UK could trial 'universal basic income' project.
THE UK is thought to be "on the brink" of testing out a new Universal Basic Income for everyone, which could replace benefits including the highly controversial Universal Credit.
Campaigners believe the plan - where everyone would be paid a basic wage - could end poverty altogether.
Following trials in other countries like Canada and Finland, four Scottish councils have been working on the idea since 2017.
Now the Royal Society for the Encouragement of Arts, Manufactures and Commerce (RSA) is currently urging the Scottish government to scrap sanction-led employment benefits - like Universal Credit - in favour of the basic income approach.
And it is pretty hopeful, with charity boss Jamie Cooke believing Scotland is "at the brink" of piloting the scheme.
The Labour Party has also expressed plenty of interest in bringing in a Universal Basic Income.
Speaking at an event held by the RSA this week, Labour's shadow chancellor John McDonnell said his party would explore the idea of paying everyone a basic wage.
The RSA wants everyone to receive an initial basic income of PS2,400 a year for adults - with PS1,500 paid to every child. The idea would be to eventually double the adult payments to PS4,800 per person - which would work out at PS400 per month.
The idea of a Universal Basic Income is that everyone gets it - whether you are in work or not.
The RSA has not made clear thus far whether its plan would include extra support payments for those who may struggle to manage living costs on just PS400 a month.
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The RSA's report states how "child destitution would vanish almost immediately" if a basic income was introduced.
Walton MP Dan It predicted that the full PS4,800 roll-out would "completely eliminate destitution in Scotland".
Scotland is considering piloting basic income schemes in four cities, including Glasgow and Edinburgh. Jamie Cooke, head of RSA Scotland, said: "Basic income is increasingly of global interest and Scotland is at the brink of doing something very different and bringing the first basic income pilots to the UK.
"Our research shows how an initial basic income could be introduced in Scotland in a way that is progressive, affordable and would halve destitution, while paving the way for a full basic income in the future.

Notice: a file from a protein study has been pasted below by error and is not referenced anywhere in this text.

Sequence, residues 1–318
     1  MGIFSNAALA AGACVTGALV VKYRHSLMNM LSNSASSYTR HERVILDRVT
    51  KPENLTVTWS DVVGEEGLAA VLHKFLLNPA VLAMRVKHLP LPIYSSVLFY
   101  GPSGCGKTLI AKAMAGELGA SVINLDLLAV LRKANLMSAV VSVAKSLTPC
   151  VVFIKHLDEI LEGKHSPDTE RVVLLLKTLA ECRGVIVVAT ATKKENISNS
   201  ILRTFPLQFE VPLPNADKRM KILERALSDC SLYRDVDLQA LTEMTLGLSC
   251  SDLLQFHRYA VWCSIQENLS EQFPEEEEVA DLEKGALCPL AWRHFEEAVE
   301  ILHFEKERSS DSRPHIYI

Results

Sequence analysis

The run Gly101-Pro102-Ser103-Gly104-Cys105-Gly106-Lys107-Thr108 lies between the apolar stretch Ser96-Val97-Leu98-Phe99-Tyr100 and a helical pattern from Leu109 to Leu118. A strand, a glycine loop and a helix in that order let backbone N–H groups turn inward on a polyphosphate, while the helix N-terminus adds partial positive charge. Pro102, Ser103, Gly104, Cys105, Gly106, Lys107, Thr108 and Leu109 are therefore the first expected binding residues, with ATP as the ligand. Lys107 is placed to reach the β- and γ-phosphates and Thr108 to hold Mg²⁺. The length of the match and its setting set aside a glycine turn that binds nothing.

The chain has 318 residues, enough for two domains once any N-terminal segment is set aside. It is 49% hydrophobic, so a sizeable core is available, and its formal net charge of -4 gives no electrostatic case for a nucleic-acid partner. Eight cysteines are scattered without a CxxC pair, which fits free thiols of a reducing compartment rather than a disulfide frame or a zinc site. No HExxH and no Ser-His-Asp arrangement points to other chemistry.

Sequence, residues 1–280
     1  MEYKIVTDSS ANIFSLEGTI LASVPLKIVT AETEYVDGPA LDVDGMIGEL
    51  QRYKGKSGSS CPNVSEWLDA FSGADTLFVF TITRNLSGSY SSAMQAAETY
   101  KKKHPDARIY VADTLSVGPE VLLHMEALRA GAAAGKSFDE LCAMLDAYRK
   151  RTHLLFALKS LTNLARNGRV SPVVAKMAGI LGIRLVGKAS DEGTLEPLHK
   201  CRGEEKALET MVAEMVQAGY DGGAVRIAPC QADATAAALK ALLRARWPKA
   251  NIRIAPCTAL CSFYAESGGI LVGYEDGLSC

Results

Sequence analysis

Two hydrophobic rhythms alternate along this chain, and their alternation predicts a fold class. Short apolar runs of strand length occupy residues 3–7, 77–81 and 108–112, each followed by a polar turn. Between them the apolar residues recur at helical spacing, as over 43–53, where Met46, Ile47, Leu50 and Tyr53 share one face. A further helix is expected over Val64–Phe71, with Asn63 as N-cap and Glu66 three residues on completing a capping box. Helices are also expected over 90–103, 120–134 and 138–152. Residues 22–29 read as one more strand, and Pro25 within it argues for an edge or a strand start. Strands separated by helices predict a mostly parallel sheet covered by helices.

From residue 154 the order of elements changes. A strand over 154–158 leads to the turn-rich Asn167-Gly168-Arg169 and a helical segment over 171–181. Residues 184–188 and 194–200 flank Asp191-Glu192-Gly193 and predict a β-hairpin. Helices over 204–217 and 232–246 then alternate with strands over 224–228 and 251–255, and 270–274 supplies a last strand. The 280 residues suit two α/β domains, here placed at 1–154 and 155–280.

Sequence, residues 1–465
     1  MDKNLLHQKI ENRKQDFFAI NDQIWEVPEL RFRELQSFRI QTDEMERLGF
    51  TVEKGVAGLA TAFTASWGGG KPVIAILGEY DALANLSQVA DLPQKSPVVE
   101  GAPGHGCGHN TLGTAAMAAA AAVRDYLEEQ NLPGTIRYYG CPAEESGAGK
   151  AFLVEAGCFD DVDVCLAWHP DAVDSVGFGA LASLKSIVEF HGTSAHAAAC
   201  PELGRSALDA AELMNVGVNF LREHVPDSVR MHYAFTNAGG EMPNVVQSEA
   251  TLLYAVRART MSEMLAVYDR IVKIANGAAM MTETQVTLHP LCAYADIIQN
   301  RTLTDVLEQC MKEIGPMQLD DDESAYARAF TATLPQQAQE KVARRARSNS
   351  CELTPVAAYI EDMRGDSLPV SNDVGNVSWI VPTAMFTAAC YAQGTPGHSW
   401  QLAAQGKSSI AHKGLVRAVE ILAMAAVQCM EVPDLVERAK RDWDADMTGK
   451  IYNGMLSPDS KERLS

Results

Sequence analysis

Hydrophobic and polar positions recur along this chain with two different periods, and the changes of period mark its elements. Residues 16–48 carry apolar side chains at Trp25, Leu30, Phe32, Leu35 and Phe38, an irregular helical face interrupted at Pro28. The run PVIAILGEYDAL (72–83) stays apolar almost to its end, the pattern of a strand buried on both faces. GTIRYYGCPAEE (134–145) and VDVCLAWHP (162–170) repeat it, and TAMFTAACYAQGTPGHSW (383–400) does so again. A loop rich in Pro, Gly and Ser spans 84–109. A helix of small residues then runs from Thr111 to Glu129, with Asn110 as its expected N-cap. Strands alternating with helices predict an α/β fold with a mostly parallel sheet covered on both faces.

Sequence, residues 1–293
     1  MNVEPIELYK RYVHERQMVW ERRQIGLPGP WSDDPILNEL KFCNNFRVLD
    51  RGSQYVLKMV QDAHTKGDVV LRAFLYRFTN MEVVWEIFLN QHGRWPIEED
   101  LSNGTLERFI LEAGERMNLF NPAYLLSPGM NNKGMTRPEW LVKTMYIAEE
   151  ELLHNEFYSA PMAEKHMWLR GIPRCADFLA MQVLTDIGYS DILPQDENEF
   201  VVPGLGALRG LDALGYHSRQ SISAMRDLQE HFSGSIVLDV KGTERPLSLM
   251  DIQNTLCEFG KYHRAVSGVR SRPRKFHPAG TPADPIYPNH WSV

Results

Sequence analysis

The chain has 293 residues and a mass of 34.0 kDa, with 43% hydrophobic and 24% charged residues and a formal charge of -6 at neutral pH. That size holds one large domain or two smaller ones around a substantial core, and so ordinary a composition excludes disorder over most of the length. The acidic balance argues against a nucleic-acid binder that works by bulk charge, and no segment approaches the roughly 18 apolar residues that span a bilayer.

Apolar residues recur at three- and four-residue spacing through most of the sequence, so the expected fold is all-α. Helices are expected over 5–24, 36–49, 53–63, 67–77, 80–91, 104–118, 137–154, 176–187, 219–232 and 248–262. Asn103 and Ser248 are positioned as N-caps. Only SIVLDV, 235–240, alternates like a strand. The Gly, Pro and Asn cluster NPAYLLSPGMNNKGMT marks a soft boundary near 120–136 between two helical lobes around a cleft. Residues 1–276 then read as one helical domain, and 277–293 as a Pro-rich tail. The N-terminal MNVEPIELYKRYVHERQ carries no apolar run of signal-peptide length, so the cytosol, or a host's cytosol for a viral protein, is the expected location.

"But the idea must be tested - and our engagement with Scottish citizens found support for experimenting against today's discredited Universal Credit system - which is why we suggest a robust stepping stone before a 'full' basic income is introduced."
Three scenarios were modelled in the RSA's report - the status quo; a PS2,400 per adult basic income; and the full basic income of PS4,800.
It found the full basic income would be the fairest but cost the most at 3.5% of Scotland's GDP, while the partial basic income is proportionately easier to fund due to the removal of the tax allowance, costing 1.2% of GDP.
The idea of a Universal Basic Income have already been discussed in Liverpool.
Last year, Labour's deputy group leader Cllr Ann O'Byrne raised the idea of the city bringing in the plan at a full council meeting.
She urged council chiefs to write to the UK government asking for Liverpool to be considered as a pilot city for any tests of a UBI.
Cllr O'Byrne is now vying to be the new leader of Liverpool City Council and may look to advance this idea if she gets into power.
The idea has also been backed by Walton MP Dan Carden, who said: "We need radical progressive policies to redistribute power and wealth.
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We need radical progressive policies to redistribute power and wealth. A basic income has the potential to empower people and transform society. Walton MP Dan Carden
Four Scottish councils have been working on the universal basic income idea since 2017